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Explainer: The U.S. COVID health emergency is ending. What changes?


The U.S. government on Thursday will end the COVID-19 Public Health Emergency that allowed millions of Americans to receive vaccines, tests and treatments at no cost.

The emergency is also tied to telehealth flexibilities, Medicaid enrollment safeguards, and the ability of government health agencies to collect data on the spread of the coronavirus.

Here is what will change after Thursday, and what does not:

For most people, vaccines will remain free and tests will involve costs in some circumstances. Treatments like Pfizer’s (PFE.N) oral antiviral Paxlovid will continue to be provided for free while current inventory paid for by the government lasts. After that, most people will incur some costs.

People with private or employer-provided health plans will pay nothing for vaccines if they stay in-network, will face out-of-pocket costs such as deductibles and co-pays for laboratory COVID tests, and will have to pay the full cost of at-home over-the-counter tests.

They will face co-pay or co-insurance costs for certain covered treatments and the full price of those that are not covered. If treatment costs are substantial enough, they might drive up insurance premiums.

The federal government’s Medicare health program for people age 65 or older and the disabled will pay for vaccines in full but beneficiaries will have some costs for lab tests and full prices for at-home tests. Medicare will continue to cover treatments but beneficiaries will still face some costs.

People enrolled in state government Medicaid health plans for the poor will also get zero-cost vaccines. Lab costs will also cost them nothing so long as they are ordered by a physician. Other testing services as well as treatments will involve some costs but those will kick in during 2024.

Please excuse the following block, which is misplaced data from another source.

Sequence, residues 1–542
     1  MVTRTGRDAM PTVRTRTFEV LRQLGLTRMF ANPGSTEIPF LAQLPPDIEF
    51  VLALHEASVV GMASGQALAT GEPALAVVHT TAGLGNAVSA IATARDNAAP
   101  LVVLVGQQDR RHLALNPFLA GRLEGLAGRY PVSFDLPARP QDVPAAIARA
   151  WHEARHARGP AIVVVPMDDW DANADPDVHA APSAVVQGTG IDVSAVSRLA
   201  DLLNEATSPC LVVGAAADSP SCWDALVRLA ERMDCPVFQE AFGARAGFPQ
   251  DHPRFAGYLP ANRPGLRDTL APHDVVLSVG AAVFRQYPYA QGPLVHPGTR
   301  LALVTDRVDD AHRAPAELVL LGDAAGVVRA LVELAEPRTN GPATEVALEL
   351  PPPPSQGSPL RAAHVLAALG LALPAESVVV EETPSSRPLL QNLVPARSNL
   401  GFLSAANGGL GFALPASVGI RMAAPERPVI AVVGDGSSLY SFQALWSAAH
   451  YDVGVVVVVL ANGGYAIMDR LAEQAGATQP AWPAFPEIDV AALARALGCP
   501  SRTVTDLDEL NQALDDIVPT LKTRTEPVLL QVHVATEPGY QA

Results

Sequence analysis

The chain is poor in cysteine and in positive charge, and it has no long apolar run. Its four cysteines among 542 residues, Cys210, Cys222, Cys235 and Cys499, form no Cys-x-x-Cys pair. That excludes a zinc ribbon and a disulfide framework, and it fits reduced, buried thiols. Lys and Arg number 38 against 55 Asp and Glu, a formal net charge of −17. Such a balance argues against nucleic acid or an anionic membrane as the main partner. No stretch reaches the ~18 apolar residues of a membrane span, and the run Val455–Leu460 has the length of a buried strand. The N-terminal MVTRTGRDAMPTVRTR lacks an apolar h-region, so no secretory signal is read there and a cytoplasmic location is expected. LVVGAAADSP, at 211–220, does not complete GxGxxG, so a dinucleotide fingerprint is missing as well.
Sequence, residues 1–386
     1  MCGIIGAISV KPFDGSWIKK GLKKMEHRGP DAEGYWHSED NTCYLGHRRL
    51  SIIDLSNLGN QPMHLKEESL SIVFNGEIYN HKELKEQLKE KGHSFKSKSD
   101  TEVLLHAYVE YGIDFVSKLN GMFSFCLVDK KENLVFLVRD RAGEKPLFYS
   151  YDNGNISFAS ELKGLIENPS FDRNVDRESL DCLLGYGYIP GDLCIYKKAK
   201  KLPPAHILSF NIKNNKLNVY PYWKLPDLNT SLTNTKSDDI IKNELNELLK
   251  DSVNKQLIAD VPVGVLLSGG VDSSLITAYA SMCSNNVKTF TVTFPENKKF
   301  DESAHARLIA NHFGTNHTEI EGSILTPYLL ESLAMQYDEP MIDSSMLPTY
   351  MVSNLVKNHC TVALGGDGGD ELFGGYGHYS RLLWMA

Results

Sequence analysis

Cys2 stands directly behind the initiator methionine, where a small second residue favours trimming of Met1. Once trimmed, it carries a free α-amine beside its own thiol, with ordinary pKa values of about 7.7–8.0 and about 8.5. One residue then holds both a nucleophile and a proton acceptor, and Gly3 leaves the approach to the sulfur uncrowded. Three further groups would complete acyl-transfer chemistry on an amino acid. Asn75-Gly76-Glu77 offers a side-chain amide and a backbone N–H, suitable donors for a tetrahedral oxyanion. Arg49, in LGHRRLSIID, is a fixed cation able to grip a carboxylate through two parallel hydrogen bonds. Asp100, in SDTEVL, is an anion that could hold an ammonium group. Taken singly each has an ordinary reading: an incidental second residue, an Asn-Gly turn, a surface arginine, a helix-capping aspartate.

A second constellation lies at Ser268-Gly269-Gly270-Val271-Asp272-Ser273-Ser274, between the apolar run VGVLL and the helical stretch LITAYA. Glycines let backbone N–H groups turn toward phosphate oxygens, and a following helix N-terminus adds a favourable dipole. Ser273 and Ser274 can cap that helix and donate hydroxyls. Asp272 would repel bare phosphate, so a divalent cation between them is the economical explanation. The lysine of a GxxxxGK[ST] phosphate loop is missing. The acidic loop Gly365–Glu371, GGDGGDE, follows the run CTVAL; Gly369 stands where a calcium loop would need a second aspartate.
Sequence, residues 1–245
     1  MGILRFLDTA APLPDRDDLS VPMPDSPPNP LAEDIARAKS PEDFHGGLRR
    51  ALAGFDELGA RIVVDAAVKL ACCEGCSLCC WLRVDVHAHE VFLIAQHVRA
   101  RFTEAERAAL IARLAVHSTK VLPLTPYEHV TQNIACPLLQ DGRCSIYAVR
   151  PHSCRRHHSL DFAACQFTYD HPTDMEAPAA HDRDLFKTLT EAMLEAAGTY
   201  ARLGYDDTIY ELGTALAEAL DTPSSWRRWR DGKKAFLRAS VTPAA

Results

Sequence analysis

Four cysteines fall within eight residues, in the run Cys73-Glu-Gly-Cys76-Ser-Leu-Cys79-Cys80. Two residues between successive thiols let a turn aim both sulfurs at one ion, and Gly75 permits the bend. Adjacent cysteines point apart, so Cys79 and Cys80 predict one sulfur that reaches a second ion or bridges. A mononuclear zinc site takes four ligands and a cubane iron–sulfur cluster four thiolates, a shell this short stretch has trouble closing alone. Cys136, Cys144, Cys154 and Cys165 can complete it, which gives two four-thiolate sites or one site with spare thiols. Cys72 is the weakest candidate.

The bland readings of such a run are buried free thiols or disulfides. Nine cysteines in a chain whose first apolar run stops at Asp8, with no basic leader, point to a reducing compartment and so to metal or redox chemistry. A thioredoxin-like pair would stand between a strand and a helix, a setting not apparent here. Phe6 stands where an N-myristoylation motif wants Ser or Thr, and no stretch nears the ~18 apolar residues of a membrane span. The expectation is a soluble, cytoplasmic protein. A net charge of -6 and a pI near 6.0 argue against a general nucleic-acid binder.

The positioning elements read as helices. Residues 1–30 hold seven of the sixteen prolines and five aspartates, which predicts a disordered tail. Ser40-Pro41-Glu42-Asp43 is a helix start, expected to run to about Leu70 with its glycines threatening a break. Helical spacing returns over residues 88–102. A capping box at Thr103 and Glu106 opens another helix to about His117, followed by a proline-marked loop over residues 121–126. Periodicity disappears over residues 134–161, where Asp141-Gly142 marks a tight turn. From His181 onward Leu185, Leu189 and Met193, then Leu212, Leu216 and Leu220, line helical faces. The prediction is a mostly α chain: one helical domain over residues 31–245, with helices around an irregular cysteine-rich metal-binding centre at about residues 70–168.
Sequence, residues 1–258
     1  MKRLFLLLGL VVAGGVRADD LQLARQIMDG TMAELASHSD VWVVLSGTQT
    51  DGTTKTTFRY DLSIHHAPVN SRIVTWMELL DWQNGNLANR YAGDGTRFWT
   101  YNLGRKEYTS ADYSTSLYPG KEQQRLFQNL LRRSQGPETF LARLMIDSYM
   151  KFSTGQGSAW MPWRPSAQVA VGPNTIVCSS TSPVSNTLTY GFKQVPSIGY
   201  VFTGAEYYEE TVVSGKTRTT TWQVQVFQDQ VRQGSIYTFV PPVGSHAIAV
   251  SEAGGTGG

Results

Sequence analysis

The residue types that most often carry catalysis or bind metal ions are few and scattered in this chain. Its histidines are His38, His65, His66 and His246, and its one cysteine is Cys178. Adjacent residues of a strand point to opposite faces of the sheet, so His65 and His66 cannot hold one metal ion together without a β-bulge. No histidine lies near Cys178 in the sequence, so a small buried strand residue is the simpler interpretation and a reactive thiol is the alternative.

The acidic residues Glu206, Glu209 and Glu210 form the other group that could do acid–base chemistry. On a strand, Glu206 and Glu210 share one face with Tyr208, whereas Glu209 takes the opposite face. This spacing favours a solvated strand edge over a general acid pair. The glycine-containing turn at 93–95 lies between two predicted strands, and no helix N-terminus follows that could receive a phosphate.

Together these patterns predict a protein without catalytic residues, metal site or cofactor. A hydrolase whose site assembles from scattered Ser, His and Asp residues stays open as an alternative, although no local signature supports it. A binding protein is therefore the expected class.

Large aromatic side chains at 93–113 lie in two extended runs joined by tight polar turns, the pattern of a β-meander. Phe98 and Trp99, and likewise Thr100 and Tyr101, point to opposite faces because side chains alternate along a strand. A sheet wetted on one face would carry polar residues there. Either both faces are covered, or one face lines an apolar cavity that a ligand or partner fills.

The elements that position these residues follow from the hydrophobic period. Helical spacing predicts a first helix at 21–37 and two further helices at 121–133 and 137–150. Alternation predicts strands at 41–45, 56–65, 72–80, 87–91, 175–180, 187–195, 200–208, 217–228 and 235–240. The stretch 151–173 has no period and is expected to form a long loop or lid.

Individual Medicaid programs will decide what to cover and what out-of-pocket costs will be.

The government has launched a $1 billion program to ensure that people without insurance continue getting vaccines and treatments at no cost by providing direct support to health centers and reimbursing pharmacy chains per dose. The uninsured will face full costs for testing.

Congress had initially required state Medicaid programs to keep people continuously enrolled without the need for them to prove their eligibility during the emergency but that is being unwound through 2023.

The uninsured rate hit an all time low of 8% in early 2022, according to the latest available government data, but the U.S. Department of Health and Human Services estimates that about another 15 million people – one-third of them children – will lose their health coverage by next year.

Providers were allowed to prescribe controlled substances via telehealth during the emergency. This was set to stop after May 11 but the Drug Enforcement Administration announced last week it was extending the flexibility to November 2024.

All states had waived license requirements so that providers could practice remotely across state lines. Some states tied that waiver to the emergency and so it will expire then.

Also expiring is a federal waiver of privacy and security rules for applications used to provide telehealth, meaning everyday apps like FaceTime and Skype might no longer be an option as providers switch to compliant alternatives.

Vaccination requirements for international travelers to enter the United States, as well as those for federal workers, will no longer be in effect as of May 12.

The U.S. Centers for Disease Control and Prevention (CDC) will have less authority to collect certain types of public health data after the emergency expires. The CDC will stop reporting or monitoring COVID case data and transmission rates.

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